Arthur Brooks had some excellent comments at the National Prayer Breakfast. I’ve never been a fan of this particular event, but I do believe his remarks offer some needed encouragement to remember that we are all souls in need of Christ and that we are more than our political differences.
I give about 150 speeches a year and talk to all kinds of audiences: conservative, progressive, believers, atheists and everything in between. I was speaking one afternoon some years ago to a large group of politically conservative activists. Arriving early to the event, I looked at the program and realized I was the only non-politician on the program.
At first I thought, “This is a mistake.” But then I remembered that there are no mistakes — only opportunities — and started thinking about what I could say that would be completely different than the politicians. The crowd was really fired up; the politicians were getting huge amounts of applause. When it was my turn to speak, in the middle of my speech, here’s more or less what I said:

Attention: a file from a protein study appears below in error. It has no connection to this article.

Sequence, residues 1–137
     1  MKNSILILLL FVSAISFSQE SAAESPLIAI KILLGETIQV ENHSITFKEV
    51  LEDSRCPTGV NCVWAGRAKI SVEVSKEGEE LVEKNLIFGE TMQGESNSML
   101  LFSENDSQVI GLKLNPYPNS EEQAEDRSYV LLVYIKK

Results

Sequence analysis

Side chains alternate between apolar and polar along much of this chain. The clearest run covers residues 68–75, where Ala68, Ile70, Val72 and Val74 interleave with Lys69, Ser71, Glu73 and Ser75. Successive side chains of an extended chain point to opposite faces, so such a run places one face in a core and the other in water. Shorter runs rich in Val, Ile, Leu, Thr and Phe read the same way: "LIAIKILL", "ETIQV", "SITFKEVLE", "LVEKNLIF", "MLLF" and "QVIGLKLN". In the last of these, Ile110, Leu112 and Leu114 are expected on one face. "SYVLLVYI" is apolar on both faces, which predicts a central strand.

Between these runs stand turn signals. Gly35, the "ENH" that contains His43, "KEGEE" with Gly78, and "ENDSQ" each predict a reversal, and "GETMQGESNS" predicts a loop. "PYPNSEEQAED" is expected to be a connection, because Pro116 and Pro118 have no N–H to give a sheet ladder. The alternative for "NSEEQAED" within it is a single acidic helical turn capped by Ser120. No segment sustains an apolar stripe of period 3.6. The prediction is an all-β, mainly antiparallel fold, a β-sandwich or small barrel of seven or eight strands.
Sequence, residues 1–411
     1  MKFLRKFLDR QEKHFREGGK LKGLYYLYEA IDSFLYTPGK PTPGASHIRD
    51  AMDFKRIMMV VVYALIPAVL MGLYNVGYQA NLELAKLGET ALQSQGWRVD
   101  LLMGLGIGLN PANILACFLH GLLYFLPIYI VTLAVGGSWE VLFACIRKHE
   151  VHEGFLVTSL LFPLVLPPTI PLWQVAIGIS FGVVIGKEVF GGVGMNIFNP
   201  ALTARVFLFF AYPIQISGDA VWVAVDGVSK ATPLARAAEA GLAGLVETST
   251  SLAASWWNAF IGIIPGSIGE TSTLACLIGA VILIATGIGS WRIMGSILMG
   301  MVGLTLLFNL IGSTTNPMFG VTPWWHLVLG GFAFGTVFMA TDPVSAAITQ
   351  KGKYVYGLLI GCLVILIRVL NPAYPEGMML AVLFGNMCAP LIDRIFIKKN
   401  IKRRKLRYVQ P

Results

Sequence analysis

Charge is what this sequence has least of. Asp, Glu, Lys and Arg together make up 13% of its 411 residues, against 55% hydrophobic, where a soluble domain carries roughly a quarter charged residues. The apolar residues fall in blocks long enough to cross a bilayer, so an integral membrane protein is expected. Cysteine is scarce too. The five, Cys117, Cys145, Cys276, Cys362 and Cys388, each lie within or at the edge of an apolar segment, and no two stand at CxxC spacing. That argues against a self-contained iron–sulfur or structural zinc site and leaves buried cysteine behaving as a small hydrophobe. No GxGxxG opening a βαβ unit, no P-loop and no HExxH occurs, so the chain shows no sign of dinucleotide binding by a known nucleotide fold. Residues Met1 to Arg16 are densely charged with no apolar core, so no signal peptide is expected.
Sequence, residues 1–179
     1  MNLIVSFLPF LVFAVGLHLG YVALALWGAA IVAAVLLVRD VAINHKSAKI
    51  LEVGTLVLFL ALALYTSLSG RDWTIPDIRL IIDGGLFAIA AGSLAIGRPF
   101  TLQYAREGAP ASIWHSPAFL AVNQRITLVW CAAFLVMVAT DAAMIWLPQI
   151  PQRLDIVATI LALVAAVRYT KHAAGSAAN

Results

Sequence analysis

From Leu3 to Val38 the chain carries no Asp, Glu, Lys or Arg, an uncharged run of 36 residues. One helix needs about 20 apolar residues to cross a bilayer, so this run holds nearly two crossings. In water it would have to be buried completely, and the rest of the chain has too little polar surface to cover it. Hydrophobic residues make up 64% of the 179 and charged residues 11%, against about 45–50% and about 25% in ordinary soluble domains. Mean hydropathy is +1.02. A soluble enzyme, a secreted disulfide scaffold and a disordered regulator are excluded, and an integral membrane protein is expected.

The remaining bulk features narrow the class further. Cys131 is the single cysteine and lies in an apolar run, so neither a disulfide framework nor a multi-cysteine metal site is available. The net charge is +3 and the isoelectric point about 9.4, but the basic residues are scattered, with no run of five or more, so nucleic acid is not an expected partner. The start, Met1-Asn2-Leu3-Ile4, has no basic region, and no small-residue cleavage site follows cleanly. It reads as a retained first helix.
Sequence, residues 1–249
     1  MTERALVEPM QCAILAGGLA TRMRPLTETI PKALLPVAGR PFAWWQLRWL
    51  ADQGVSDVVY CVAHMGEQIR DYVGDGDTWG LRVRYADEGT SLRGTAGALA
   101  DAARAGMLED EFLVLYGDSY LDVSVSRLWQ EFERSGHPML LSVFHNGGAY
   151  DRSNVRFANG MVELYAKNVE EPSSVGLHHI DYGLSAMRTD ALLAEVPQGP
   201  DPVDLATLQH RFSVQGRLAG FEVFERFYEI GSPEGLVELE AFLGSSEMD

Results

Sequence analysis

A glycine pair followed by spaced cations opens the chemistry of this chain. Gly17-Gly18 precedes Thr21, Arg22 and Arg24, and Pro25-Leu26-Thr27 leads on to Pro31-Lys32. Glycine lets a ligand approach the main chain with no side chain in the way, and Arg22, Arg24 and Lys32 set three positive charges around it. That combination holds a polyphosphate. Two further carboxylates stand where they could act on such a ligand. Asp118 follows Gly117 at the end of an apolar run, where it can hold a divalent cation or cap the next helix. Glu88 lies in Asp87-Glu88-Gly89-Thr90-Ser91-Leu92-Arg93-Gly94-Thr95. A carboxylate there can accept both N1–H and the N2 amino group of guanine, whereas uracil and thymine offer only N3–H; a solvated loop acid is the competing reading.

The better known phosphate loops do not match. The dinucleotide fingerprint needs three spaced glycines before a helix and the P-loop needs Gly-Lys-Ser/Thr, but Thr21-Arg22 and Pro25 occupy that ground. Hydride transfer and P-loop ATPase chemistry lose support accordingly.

“My friends, you’ve heard a lot today that you’ve agreed with — and well you should. You’ve also heard a lot about the other side — political liberals — and how they are wrong. But I want to ask you to remember something: Political liberals are not stupid, and they’re not evil. They are simply Americans who disagree with you about public policy. And if you want to persuade them — which should be your goal — remember that no one has ever been insulted into agreement. You can only persuade with love.”
It was not an applause line.
After the speech, a woman in the audience came up to me, and she was clearly none too happy with my comments. “You’re wrong,” she told me. “Liberals are stupid and evil.”
Unfortunately, the next speech, which I will not link, then went on to demonstrate everything wrong with events like the National Prayer Breakfast.